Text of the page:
The French firm NicOx SA stands to break the bank, to the tune of up to nearly $400 million, per terms of a technology deal with Pfizer Inc.

Notably, the new agreement’s roots stem in part from a previous collaboration between the companies, one that has generated positive data on a glaucoma compound. Such findings clearly played a role in the companies’ decision to enter this broader pact.

"Those results were so encouraging for them," NicOx Chairman and CEO Michele Garufi said, noting that the glaucoma data paved the way for Pfizer to cement its interest in NicOx’s nitric oxide-donating technology by demonstrating that it "can be of help to other ophthalmic diseases."

The deal proved to be an "encouraging signal for the market," he added, and investors readily bought into the story. On Thursday, shares in NicOx (Eurolist:NICOX) rocketed 79 percent to close at €6.02.

In the agreement, NicOx out-licensed exclusive rights to ophthalmic applications of its technology to Pfizer, which Garufi termed "a very important endorsement" of the nitric oxide platform. As a result, NicOx will receive €23 million (US$27.7 million) in the first year of the collaboration, of which €15 million will come from an equity investment by Pfizer.

The €8 million up-front payment includes a €5 million technology exclusivity fee and €3 million in research funding. NicOx, of Sophia-Antipolis, France, also will receive €3 million in research funding on each anniversary of the agreement for the duration of the research program. New York-based Pfizer’s equity investment, subject to NicOx shareholder approval, will take place this year and be made at a 4.9 percent premium to the company’s share price at the time of purchase.

Of course, the big money would come later, and NicOx could receive total milestone payments in excess of €300 million, as well as royalties from resulting ophthalmic products that Pfizer takes to the market.

More specific terms on the agreement’s back end include Pfizer’s option to exclusive worldwide rights on ophthalmic compounds resulting from the research program, and that the potential milestone payments include €102 million that would arise from the successful development and launch of the first ophthalmic compound.

Both companies will conduct the research program through a joint steering committee, and Pfizer will manage and fund the subsequent clinical development of selected compounds.

Garufi pointed to the broad applicability the technology is thought to have in ophthalmology, noting that the deal could lead to new treatments for glaucoma, age- related macular degeneration and diabetic retinopathy. While he declined to specify whether any of those are of a particular priority to Pfizer, he noted that the previous glaucoma deal remains separate from the new agreement.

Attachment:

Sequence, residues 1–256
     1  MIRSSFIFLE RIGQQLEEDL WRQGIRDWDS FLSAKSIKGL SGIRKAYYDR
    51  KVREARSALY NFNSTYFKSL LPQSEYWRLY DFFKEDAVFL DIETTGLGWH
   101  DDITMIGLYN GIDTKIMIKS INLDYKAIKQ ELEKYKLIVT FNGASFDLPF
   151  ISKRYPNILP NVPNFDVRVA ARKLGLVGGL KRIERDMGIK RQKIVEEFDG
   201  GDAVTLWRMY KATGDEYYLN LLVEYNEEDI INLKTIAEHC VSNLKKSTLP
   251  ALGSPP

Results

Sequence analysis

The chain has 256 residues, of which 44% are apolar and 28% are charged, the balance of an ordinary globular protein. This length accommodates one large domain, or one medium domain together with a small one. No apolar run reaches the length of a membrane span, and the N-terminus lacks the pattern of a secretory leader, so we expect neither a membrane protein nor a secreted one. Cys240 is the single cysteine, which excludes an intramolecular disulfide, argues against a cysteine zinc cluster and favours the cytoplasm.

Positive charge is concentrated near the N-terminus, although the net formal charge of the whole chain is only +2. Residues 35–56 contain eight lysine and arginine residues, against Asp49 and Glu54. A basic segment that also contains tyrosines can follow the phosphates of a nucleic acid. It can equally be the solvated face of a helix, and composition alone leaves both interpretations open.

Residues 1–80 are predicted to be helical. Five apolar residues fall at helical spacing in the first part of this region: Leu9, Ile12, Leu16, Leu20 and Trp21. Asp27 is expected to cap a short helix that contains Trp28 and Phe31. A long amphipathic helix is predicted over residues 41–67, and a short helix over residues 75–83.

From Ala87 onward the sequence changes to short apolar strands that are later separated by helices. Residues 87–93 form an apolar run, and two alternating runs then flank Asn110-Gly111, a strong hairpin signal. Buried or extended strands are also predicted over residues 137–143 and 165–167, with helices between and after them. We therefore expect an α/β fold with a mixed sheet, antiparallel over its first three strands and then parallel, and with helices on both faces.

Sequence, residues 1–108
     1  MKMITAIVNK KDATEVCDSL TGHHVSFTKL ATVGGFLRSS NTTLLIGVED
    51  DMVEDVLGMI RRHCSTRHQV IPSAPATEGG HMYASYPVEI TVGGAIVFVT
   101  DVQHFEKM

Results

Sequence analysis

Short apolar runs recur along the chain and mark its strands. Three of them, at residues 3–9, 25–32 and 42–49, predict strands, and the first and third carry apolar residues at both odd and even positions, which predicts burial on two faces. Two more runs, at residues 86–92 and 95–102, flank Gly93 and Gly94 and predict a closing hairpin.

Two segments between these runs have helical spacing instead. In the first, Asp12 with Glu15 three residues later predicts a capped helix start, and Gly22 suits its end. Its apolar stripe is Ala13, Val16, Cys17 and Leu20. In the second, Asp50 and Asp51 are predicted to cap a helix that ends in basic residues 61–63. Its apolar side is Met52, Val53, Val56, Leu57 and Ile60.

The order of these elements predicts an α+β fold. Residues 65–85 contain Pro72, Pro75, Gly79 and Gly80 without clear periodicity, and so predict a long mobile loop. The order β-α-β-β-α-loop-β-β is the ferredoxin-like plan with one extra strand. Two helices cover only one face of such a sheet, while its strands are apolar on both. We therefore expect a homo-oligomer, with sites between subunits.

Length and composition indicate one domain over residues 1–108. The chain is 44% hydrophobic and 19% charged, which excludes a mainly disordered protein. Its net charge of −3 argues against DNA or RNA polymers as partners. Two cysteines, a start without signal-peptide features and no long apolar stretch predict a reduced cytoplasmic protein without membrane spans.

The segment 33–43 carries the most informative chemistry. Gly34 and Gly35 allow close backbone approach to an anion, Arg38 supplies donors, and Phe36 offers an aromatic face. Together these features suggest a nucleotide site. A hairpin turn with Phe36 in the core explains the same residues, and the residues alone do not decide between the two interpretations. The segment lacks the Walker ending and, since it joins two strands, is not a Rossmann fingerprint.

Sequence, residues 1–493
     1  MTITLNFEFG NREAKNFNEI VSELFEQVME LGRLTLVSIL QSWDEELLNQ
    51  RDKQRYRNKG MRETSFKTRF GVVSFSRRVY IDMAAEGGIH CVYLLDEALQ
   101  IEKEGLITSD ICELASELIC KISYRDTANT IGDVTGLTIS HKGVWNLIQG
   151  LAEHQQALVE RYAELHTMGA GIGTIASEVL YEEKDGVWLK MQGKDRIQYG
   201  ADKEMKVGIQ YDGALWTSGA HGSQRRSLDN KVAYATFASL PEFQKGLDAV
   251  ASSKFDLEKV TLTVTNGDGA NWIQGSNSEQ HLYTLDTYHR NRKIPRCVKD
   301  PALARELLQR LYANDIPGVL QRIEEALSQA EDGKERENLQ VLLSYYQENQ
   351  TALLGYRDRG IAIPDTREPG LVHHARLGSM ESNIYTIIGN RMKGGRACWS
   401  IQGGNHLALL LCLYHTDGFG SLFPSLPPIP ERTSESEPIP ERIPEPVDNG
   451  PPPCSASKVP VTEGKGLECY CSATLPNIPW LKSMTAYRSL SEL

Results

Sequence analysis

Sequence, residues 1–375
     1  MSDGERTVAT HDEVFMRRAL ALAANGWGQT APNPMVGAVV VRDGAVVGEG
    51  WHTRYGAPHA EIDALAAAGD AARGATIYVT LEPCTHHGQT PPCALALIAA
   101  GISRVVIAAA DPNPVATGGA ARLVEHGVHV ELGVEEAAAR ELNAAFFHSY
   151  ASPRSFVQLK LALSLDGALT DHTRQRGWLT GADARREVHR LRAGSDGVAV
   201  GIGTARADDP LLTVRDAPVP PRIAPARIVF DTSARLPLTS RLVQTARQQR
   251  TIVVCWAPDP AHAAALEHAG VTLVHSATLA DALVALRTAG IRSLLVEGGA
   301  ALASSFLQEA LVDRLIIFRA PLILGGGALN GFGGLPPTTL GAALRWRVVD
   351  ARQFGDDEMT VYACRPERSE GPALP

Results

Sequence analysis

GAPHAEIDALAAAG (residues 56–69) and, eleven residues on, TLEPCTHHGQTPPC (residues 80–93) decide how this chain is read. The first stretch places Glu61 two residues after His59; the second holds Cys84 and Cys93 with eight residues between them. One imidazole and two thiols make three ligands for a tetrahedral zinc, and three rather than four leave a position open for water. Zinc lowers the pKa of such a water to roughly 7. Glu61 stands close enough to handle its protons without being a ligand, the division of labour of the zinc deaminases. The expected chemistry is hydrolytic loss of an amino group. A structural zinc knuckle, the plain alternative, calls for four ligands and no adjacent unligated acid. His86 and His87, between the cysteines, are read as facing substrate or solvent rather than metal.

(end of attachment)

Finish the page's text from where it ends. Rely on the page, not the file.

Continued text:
Of a much narrower focus, that older arrangement could lead to up to €37 million in milestone payments to NicOx, as well as royalties, should Pfizer commercialize the compound. The promising preclinical results on that compound proved the glaucoma treatment to be significantly more effective than an unnamed reference drug in a validated in vivo model of abnormally high intraocular pressure. Also, it was superior to the reference drug in two other validated models.

Demonstrating that nitric oxide donation reduced intraocular pressure was important because that slows disease progression toward vision loss and blindness. To date, NicOx has received €4 million from that deal.

Also in the latest agreement, should the companies identify an indication outside ophthalmology for a resulting compound, Pfizer would have first option on its development and commercialization. NicOx then would be eligible to receive additional milestone payments of up to €194.3 million, if that option were exercised.

In the end, Pfizer would make royalty payments "in line with industry standards" on all marketed products that result from the collaboration.

On its own, NicOx is focused on two lead compounds in inflammation and cardiovascular disease, therapeutic areas in which nitric oxide has a beneficial effect on endothelial dysfunction and tissue inflammation.

Its nitric oxide-donating derivative of naproxen, HCT 3012, is in Phase III development for osteoarthritis. The U.S.-based study, expected to enroll about 820 patients, should produce results in the fourth quarter. It is designed to confirm that HCT 3012 is superior to placebo and as effective as naproxen in relieving the signs and symptoms of osteoarthritis, with no detrimental effect on blood pressure.

In addition, NCX 4016, a nitric oxide-donating derivative of acetyl salicylic acid, is in Phase II for peripheral arterial obstructive disease.

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